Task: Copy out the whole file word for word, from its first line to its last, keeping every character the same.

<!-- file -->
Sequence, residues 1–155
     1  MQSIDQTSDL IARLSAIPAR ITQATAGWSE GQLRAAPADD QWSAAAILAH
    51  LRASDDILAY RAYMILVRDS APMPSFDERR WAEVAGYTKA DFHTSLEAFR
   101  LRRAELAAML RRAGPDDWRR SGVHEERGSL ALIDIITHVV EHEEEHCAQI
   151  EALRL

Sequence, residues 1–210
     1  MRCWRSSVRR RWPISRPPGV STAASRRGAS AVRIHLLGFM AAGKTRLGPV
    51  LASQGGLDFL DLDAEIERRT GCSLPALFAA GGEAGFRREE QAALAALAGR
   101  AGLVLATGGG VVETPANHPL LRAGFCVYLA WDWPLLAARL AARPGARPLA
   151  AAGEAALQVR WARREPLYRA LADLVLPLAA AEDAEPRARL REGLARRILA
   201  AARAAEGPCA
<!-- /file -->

Sequence, residues 1–155
     1  MQSIDQTSDL IARLSAIPAR ITQATAGWSE GQLRAAPADD QWSAAAILAH
    51  LRASDDILAY RAYMILVRDS APMPSFDERR WAEVAGYTKA DFHTSLEAFR
   101  LRRAELAAML RRAGPDDWRR SGVHEERGSL ALIDIITHVV EHEEEHCAQI
   151  EALRL

Sequence, residues 1–210
     1  MRCWRSSVRR RWPISRPPGV STAASRRGAS AVRIHLLGFM AAGKTRLGPV
    51  LASQGGLDFL DLDAEIERRT GCSLPALFAA GGEAGFRREE QAALAALAGR
   101  AGLVLATGGG VVETPANHPL LRAGFCVYLA WDWPLLAARL AARPGARPLA
   151  AAGEAALQVR WARREPLYRA LADLVLPLAA AEDAEPRARL REGLARRILA
   201  AARAAEGPCA